Canon Powershot A310 Review

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Canon PowerShot A310

Steve's Conclusion

An updated version of the entry level Powershot A300, the PowerShot A310 incorporates the same 3.2 megapixel imager and 33mm fixed lens, but adds features like Canon's Print/Share button and PictBridge technology, which allows users to easily transfer images to a PC or directly print to any PictBridge-compatible printer.

The ergonomics of the A310 are great. Controls are well placed and functional, and the menu system is easy to navigate. The LCD works very well, even on the brightest of days, and when used in low-light it "gains up" to brighten the subject. A feature of the A310 that is a Canon (not industry) standard is the Focus-Assist Illuminator for shooting in low-ambient lighting conditions. There's nothing more aggravating than attempting to shoot a picture in low light and discovering that the camera can't focus. The A310's focus-assist illuminator is a big help and I wish more digicam manufacturers would take a hint from Canon who uses these illuminators on nearly every digicam they make.

The A310 offers two exposure options; "Auto" (Point and Shoot) and Manual where you can adjust exposure compensation, white balance, and image adjustments like Vivid or Natural color, Low Sharpening, Sepia toned or B&W. Image size can be adjusted to : 640 x 480 for use on a web page or e-mail attachment, 1024 x 768 for 4 x 6 inch prints or 1600 x 1200 size for great 5 x 7 inch prints and 2048 x 1536 for 8 x 10 inch prints and up. There are three quality levels for each image size; SuperFine, Fine or Normal. You can also select a flash mode; Auto fires whenever more light is needed, Red-eye reduction is ideal for "people" pictures, slow-synchro can be used for night pictures where you want to illuminate a foreground subject but not lose the detail in the background and the always-on or fill mode is useful for eliminating harsh shadow in bright outdoor or back lit situations. Flash range is somewhat limited with a maximum range of just 6.7 ft / 2m (at ISO AUTO.)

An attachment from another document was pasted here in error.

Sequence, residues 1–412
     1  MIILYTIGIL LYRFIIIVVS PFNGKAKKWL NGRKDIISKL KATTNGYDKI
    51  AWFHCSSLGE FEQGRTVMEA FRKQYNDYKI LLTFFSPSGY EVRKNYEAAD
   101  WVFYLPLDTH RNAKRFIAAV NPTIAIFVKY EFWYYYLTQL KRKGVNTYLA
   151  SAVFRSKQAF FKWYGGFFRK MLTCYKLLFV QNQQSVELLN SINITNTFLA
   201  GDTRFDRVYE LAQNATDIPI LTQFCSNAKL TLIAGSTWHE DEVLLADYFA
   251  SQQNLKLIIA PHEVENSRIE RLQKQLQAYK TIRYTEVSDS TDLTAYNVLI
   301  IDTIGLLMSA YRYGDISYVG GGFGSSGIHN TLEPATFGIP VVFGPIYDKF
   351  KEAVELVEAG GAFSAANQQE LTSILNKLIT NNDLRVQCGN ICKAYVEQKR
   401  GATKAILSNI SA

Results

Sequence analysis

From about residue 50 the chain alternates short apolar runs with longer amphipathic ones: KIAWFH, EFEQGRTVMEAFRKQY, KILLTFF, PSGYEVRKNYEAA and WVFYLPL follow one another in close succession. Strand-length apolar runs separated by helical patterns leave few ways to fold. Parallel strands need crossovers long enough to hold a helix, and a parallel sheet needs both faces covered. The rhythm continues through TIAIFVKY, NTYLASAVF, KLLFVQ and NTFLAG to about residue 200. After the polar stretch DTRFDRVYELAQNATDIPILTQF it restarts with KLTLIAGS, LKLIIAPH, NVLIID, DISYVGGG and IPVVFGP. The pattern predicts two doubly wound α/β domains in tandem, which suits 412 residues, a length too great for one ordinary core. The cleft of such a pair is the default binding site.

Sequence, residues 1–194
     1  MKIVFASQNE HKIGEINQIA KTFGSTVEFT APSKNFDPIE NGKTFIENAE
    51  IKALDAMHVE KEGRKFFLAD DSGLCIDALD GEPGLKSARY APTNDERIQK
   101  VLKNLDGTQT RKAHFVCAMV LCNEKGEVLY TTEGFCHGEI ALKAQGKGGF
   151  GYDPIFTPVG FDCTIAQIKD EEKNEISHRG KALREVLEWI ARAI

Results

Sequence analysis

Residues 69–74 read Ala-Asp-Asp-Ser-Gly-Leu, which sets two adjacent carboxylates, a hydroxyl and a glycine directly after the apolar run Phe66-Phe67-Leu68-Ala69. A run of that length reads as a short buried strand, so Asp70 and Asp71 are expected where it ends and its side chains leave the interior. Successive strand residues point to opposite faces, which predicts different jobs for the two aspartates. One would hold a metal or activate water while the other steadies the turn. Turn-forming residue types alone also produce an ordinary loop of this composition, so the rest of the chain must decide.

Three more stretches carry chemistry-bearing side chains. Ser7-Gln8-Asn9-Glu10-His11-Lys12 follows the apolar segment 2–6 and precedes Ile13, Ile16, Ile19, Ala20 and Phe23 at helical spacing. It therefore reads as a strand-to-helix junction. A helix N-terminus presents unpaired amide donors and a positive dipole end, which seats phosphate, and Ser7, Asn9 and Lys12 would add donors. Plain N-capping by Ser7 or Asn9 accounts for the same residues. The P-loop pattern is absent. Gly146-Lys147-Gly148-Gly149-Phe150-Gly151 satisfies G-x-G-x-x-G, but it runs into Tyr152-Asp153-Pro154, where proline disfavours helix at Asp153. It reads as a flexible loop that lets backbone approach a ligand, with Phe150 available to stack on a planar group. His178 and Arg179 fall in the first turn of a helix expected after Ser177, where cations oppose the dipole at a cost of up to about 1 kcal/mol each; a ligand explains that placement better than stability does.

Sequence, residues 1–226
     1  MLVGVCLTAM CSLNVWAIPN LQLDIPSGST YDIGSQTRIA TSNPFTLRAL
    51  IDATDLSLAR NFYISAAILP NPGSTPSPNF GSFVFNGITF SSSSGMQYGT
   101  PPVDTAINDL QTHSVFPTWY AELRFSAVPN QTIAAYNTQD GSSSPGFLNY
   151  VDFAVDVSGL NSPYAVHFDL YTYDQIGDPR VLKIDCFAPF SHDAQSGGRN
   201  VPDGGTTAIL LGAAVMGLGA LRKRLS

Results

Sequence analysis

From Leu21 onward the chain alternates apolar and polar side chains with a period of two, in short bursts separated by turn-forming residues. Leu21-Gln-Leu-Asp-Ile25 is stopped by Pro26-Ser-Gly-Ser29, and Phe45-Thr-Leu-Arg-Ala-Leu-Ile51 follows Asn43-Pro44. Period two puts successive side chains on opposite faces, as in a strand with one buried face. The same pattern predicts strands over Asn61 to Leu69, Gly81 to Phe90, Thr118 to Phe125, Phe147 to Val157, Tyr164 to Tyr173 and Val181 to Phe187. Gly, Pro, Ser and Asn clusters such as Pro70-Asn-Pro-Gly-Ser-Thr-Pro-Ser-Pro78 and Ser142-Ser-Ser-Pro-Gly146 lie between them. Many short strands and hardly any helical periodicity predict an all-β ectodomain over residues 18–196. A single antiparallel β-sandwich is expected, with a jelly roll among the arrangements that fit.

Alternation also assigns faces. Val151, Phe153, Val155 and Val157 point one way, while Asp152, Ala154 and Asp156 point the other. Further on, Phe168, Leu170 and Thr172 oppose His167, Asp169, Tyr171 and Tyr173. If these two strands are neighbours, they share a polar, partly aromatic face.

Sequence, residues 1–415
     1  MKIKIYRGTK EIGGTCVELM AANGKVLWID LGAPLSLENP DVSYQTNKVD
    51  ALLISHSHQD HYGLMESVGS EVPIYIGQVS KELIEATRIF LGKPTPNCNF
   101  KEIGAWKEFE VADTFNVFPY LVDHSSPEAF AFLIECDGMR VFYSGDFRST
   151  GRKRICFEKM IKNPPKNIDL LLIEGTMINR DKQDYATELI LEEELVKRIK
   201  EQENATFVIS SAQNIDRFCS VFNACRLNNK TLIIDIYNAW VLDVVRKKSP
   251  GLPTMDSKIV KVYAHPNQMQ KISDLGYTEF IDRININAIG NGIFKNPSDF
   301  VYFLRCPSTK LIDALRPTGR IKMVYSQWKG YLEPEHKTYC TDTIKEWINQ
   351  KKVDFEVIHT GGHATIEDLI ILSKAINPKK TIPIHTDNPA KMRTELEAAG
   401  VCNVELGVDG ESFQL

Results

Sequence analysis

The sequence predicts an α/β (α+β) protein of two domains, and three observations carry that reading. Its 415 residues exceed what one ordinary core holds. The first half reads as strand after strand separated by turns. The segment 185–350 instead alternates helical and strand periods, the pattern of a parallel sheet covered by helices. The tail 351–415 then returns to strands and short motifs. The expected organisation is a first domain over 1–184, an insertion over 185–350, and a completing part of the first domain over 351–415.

The shooting performance of the A310 was impressive for a camera in this class. From power up to first image captured measured approx. 3.7 seconds. The all important shutter lag measured 1/10 of a second when pre-focused and 6/10 of a second including autofocus. The shot-to-shot delay averaged 2.5 seconds without the use of the flash and just under 8 seconds including the flash (the LCD blacked out while the flash was recharging.) Using the Continuous mode, I was able to capture 10 frames in approx. 5 seconds (note, you can only use continuous mode in manual mode.) Switching from record mode to playback takes just over a second, and scrolling through the images on the CF card takes less than a second. Our tests were done using a Transcend 256MB CF card, Auto mode (unless noted), Large/Superfine size/quality, preview off, flash off (unless noted), and all other settings at default. Times may vary depending on lighting conditions, camera settings, media, etc.

I was pleased with the overall image quality in Large/SuperFine mode. The majority of our samples were nicely saturated and the white balance was on the money. Indoors you will have to work within the limited range of the flash (about 6.7 ft.) and 33mm fixed focal length, it's sufficient for shooting group portraits in small to medium sized rooms, but lacks the power to illuminate any large open rooms. Our outside test shots were sharp and well exposed, and the sky detail was beautiful. I noticed very little noise in high/low contrast areas, but there was an average amount of barrel distortion. Most of the cameras we have reviewed that feature a fixed wide angle lens show this. Focus was sharp and well defined especially when shooting closeup objects. Canon's AFiF autofocus system is accurate and fast even when shooting macros at TWO inches or in total darkness thanks to its focus assist lamp. The camera was also very effective at throttling down its flash during closeup macro-photography.

I was happy to see that Canon continued the use of standard AA type batteries to power the A310. Too many cameras these days use proprietary battery packs which are expensive and difficult to find. It's nice to be able to use rechargeables or "off the shelf" batteries in an emergency. There's a multitude of brands of NiMH rechargeable batteries to choose from as well as fast AC or portable chargers. In a bind you can even use a set of one-use alkalines but they always end up in your local landfill. Battery life when using high-capacity 2100 mAh NiMH was very good even when using the LCD and flash frequently.

Bottom line - the PowerShot A310 will make a great choice for anyone who is just entering the digital world or someone who wants a simple point-n-shoot camera. It produces sharp and beautiful, true to life, 3.2 megapixel images with plenty of resolution to create photo-quality prints up to 8x10-inch or larger. Not bad at all for just $149 (as of 07/2004) if all you need is non-zoom camera.

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